“When I was saved in the Mediterranean Sea by the non-governmental organisation MOAS on September 29, 2014, my first thought was to physically survive. About eight years later, mere physical survival has given way to an ideal of life, where I am able to make a modest contribution in preventing many other people from experiencing what we had to experience and what led us to be called and recognised as refugees or migrants.

“That’s why I wrote a thesis on migration. I did it for us, survivors of the massacre that is still taking place in the Mediterranean and along the arid and unsafe paths in the Sahara, for the fallen along the way and, above all, for those who, directly or indirectly, can help reduce or stop this drama. Someone could say this is idealistic, pointing out that loving our neighbours is a beautiful thing but that there are laws that make borders impenetrable.

“An elegant way to reiterate the usual and well-known rhetoric of ‘the boat is full’. In other words, there is no place for migrants, no matter if the international legal status qualifies them differently, as asylum seekers or refugees. This observation is not a sign of realism, or of realpolitik. It is a sign of geopolitical, social and economic shortsightedness.”

These are the words with which Afana ended the discussion of his Master’s thesis in International Relations and European Studies at the University of Bari.

Afana is a young Cameroonian who had to face one of the most dangerous migratory routes in the world, that of the Central Mediterranean from Libya to Italy. Our lives crossed when the MOAS crew, active in the Mediterranean at that time, rescued him and the other people who were on the dinghy.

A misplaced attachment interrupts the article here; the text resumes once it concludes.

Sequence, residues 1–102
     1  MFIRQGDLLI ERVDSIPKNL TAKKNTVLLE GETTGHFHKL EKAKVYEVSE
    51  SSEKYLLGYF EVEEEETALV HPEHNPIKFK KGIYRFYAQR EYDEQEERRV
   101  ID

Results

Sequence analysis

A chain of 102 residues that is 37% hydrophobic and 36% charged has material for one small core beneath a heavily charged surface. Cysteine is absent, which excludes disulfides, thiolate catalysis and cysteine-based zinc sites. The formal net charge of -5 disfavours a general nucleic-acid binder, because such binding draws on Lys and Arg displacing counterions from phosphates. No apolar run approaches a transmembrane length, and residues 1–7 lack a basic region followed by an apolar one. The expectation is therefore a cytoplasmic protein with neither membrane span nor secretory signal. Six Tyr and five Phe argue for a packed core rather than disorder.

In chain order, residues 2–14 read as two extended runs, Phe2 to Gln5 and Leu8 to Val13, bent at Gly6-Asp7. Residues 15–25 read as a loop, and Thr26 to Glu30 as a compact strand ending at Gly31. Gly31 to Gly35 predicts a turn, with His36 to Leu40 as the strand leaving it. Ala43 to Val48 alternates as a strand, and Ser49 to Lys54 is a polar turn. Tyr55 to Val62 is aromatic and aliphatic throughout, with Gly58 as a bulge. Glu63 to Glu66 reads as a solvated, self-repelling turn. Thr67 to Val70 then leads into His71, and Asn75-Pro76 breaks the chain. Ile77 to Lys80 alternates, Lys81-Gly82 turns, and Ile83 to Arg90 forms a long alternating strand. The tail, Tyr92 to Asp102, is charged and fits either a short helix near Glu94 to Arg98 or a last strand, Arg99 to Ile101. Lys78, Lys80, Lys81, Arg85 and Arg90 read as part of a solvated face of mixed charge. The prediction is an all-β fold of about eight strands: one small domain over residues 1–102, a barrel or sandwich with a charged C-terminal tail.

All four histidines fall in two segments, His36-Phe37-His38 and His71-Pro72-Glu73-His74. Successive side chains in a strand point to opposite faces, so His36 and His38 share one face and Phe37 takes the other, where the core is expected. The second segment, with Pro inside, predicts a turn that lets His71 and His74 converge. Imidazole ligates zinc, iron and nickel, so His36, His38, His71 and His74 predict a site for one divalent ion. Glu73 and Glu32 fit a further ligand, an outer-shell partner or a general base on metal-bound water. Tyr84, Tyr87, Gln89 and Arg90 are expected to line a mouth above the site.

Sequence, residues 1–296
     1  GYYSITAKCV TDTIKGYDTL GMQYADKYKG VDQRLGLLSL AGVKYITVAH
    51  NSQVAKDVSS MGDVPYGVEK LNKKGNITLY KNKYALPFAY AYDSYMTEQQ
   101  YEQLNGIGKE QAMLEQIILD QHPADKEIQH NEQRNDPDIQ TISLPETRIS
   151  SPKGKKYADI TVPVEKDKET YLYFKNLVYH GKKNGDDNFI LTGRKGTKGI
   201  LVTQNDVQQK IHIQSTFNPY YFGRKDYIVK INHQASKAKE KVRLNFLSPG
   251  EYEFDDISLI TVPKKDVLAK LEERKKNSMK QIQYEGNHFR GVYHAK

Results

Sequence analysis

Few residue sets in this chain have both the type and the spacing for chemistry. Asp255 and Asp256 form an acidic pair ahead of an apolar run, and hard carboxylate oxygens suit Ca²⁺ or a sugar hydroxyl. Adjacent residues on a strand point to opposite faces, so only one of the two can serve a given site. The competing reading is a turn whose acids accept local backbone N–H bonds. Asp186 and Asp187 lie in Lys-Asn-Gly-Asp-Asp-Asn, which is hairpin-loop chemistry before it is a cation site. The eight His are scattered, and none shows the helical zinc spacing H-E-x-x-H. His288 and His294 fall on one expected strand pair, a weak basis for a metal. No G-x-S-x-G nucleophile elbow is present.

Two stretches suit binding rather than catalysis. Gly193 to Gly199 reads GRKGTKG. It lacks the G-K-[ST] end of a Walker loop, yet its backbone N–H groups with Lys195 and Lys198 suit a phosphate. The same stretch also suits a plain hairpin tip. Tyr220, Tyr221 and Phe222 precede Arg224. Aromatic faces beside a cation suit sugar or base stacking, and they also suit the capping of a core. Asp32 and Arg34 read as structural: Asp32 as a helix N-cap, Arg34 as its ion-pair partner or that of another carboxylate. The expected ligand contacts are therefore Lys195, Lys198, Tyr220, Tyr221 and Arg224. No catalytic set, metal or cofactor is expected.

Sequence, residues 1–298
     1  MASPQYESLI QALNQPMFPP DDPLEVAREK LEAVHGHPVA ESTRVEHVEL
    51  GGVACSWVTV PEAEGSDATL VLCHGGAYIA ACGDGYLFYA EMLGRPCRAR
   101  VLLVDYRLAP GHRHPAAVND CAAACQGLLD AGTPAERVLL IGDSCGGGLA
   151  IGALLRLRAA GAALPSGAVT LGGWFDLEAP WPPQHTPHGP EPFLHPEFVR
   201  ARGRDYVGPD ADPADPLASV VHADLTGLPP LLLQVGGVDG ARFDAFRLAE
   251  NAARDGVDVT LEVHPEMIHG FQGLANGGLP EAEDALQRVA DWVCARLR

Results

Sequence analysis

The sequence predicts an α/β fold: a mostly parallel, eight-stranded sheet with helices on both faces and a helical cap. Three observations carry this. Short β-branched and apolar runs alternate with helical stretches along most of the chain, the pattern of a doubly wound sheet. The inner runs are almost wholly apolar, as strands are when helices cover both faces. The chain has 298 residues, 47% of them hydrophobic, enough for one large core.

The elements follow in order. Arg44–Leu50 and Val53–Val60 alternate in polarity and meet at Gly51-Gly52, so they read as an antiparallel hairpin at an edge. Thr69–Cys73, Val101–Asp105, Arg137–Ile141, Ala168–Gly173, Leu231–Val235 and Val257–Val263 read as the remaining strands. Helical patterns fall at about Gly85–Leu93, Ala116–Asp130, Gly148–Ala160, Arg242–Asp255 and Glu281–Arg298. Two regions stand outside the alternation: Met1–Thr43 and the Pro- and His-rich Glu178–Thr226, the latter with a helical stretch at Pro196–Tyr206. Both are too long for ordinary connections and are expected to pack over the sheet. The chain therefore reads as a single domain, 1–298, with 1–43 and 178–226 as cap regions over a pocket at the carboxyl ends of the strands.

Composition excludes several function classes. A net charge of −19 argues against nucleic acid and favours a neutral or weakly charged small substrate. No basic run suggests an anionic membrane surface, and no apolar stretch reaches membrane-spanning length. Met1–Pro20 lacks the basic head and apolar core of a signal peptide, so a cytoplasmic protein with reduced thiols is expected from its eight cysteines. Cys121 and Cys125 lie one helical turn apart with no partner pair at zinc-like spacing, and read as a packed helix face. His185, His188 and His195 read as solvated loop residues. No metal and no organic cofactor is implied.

His Master’s degree, following his bachelor’s degree two years ago, makes us feel extremely proud. His achievements fill us with joy and it shows a story of commitment and personal fulfillment and is also a reminder to always strive for your dreams.

However, this story also reminds us that everything could have gone differently if there had been no one near the boat to save his life that day. And a sense of loss for those whose stories remain unknown because of a lack of access to #SafeAndLegalRoutes.

The absence of expansive measures such as family reunification, sponsorship, facilitated work and study visas and humanitarian corridors has left many with no choice but to rely on human traffickers.

Afana is a reminder to all of us that integration needs to stem both ways- Regina Catrambone

Europe has the capacity to open its doors to those searching for safety and we have seen how communities have come together to welcome Ukrainian people fleeing the war.

One might wonder why such stark numbers of displaced people has not invoked the same rhetoric facing migrants fleeing conflict and violence from the African continent, Syria, Yemen or Afghanistan.

Today, Afana, despite all the difficulties he has faced, has reached his academic goals. He has contributed to the country and the community has largely welcomed him. He has embarked, among others, on a path of growth.

After concluding his academic career and having contributed to the foundation of the Foreign Students Association of the Aldo Moro University and of Radio Libertà, he is preparing to open a restaurant serving African cuisine together with other young people.

His goal is to pursue a research doctorate.

Afana is an important symbol of hope for all those who wish to achieve their own dreams without having to endanger their own lives.

Afana is a reminder to all of us that integration needs to stem both ways, that communities must support those seeking sanctuary so that we may hear more migration stories with a happy ending.

This is an important story to share because it has the ability to inspire. It creates space for positive realities in contrast to the negative stories we sometimes read in the media.

My heartfelt congratulations to Dr Afana Bella Dieudonne.

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